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Below is a family biography included in Biographical and Historical Memoirs of Greene County, Arkansas published by Goodspeed Publishing Company in 1889.  These biographies are valuable for genealogy research in discovering missing ancestors or filling in the details of a family tree. Family biographies often include far more information than can be found in a census record or obituary.  Details will vary with each biography but will often include the date and place of birth, parent names including mothers' maiden name, name of wife including maiden name, her parents' names, name of children (including spouses if married), former places of residence, occupation details, military service, church and social organization affiliations, and more.  There are often ancestry details included that cannot be found in any other type of genealogical record.

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Mrs. Isabella Highfill, widow of Hezekiah Highfill, and daughter of Samuel and Rebecca J. (Ellis) Medlock, was born in Henry County, Tenn., October 25, 1831, and as the country was very sparsely settled in her youth, and schools were few and far between, she received only a common school education. While growing to womanhood, all the clothing the family wore was home made, and she became very skillful in the use of the loom and all kinds of women’s work. At the early age of seventeen years she was married to John A. Hargrove, a native of Southern Alabama, and a farmer by occupation, by whom she bore a family of three sons and five daughters, all of whom are deceased except Ann M. and Francis V., who live with their mother. On the 15th of December, 1870, Mr. Hargrove died, leaving his wife with a farm to be improved, and four small children to care for. She entered bravely upon her work, succeeded in paying for her home, and bought another farm, which she also improved. In 1854 she moved with her husband to Poinsett County, Ark., made three crops, and was raising the third, when the memorable overflow of 1858 inundated that section to such an extent that all had to seek for higher land. They removed to Buffalo Island, Craighead County, where they homesteaded and improved 160 acres of land, but after Mr. Hargrove’s death his widow traded her farm for land in Greene County, which she also disposed of shortly after her marriage with Mr. Highfill, in 1876, and purchased the farm upon which she is now living, which consists of eighty acres, forty of the same being in a high state of cultivation, furnished with good buildings and an excellent orchard. The land is a fine, sandy loam, and is devoted equally to cotton and corn. Mr. Hargrove was a leading member of the Methodist Episcopal Church, of which Mrs. Highfill is now a member, and was a man of exemplary habits and character, and for many years held the office of the justice of the peace. He was allowed to remain at home unmolested during the Rebellion. He was a Democrat, and was in sympathy with the Union. Hezekiah Highfill was an elder in the Methodist Episcopal Church, and was not a participant in the late war, but sent out two sons, who enlisted in the Confederate army, Isaac being killed by a cannon ball in the battle of Shiloh, and Hezekiah, the other son, was wounded in the same engagement by a minie ball, in the left shoulder, from the effects of which he died in March, 1880, having suffered from the same for seventeen years. Another son, J. M. Highfill, has a sketch in another part of this work. His three daughters are as follows: Sarah A. (Woods), widow of William Woods; Fanny (Lloyd), and Mary, wife of Rev. Isaac Verner, a Methodist minister of Lake County, Fla. Mrs. Highfill is a very interesting and intelligent lady, and having lived in this section for thirty-five years, can recount many interesting incidents in the early settlement of this section. She says that during the first years of her residence here the men would devote the summer to raising crops, and would hunt and trap during the winter months, their game consisting of deer, bear, wild cats, wolves and turkeys for food, and otter, beaver, mink and raccoon for their furs. These were taken by ox team to Wittsburgh or Memphis, and often realized $100 on one load. Prices ranged as follows: bear meat, 25 cents per pound; deer, 10 cents; turkeys, $1 each; wild cat, 10 cents and wolf 10 cents. Otter hides brought $5 each; beaver, $7.50; mink, $3, and raccoon 50 cents, thus making the hunting season much more profitable than the farming season, hence there was very little done toward developing the country prior to the war. Everything was plentiful in the way of wild game and fruits, and the range was so good that stock could live the year round without being fed. In those days the women made all their own clothing, and raised their own cotton and sheep. Mrs. Highfill is now residing about one-half mile from two large mounds, containing the skeletons and relics of the pre-historic Mound Builders, but the Indians who were here when she first settled could tell her nothing about them. Mrs. Highfill’s father and mother were born in South Carolina; the former was a farmer and mechanic by trade, and owned a fine farm of 320 acres in his native State, on which he resided until his death in April, 1879. The mother died in 1868. They were members of the Baptist and Methodist Churches, respectively, and in his political views he was a Democrat.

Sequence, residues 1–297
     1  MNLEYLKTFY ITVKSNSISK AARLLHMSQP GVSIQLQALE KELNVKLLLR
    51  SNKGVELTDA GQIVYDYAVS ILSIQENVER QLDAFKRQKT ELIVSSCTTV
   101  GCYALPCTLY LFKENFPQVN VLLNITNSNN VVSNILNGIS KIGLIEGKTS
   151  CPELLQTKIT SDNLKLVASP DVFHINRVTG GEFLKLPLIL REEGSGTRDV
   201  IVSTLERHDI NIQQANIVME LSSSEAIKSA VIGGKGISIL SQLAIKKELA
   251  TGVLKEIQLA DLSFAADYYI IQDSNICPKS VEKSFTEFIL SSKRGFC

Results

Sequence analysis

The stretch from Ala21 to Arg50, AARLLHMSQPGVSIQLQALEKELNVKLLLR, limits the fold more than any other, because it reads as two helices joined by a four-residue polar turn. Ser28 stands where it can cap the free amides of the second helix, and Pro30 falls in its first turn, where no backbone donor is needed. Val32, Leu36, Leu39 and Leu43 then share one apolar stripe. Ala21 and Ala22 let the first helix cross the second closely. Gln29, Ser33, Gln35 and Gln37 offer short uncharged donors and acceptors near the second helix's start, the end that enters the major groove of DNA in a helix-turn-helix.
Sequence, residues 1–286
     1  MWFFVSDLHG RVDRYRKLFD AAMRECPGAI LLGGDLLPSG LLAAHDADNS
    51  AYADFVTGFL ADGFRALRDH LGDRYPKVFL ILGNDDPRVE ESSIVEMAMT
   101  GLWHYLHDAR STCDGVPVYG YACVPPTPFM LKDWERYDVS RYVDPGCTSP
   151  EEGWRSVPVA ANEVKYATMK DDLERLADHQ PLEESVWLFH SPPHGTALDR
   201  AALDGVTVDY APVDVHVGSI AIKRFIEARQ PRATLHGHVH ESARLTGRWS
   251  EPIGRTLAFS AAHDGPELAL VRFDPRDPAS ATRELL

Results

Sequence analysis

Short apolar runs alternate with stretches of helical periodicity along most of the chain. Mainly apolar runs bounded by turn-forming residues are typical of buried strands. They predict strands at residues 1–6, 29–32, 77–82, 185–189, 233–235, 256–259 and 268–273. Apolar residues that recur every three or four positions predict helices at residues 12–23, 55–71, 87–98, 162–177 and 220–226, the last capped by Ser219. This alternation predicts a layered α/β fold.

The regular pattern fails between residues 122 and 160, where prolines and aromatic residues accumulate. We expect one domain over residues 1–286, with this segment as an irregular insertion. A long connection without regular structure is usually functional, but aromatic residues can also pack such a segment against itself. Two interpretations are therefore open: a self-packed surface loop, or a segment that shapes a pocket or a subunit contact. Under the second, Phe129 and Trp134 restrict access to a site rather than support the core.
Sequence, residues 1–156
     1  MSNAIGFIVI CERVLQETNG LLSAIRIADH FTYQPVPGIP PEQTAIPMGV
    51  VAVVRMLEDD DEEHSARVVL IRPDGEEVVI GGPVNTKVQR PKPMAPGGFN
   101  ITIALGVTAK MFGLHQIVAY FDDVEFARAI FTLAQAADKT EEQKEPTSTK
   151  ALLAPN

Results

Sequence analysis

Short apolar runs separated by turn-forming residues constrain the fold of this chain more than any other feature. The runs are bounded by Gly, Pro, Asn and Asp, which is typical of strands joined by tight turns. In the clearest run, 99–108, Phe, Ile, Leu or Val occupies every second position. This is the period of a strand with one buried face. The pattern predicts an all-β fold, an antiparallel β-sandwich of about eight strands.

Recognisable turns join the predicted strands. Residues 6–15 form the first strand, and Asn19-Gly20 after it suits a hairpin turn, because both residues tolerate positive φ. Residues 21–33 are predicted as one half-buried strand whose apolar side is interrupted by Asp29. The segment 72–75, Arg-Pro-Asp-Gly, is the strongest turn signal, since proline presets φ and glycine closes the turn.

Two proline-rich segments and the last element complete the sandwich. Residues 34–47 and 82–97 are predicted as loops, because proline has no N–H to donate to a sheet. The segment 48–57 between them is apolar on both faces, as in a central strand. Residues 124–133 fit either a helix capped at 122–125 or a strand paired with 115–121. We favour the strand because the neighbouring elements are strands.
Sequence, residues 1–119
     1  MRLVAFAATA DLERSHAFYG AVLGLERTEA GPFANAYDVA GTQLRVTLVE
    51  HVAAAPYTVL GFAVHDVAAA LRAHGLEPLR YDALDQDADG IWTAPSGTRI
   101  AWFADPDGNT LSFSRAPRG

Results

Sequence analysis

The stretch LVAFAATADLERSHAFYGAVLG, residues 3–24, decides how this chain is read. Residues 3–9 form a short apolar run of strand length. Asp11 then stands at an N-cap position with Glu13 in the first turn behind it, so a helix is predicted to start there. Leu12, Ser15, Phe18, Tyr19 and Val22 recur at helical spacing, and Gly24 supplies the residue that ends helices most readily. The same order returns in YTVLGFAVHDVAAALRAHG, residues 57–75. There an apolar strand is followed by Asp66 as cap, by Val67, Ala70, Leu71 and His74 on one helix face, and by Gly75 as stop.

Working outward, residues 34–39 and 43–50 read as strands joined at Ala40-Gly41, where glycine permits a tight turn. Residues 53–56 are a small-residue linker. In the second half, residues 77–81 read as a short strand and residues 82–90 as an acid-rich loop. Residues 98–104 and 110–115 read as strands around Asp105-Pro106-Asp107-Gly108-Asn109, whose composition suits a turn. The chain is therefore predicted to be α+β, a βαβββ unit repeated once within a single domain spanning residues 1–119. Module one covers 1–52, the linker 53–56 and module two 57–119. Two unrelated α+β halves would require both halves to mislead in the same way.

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This family biography is one of 120 biographies included in Biographical and Historical Memoirs of Greene County, Arkansas published in 1889.  View the complete description here: Greene County, Arkansas History, Genealogy, and Maps

View additional Greene County, Arkansas family biographies here: Greene County, Arkansas Biographies

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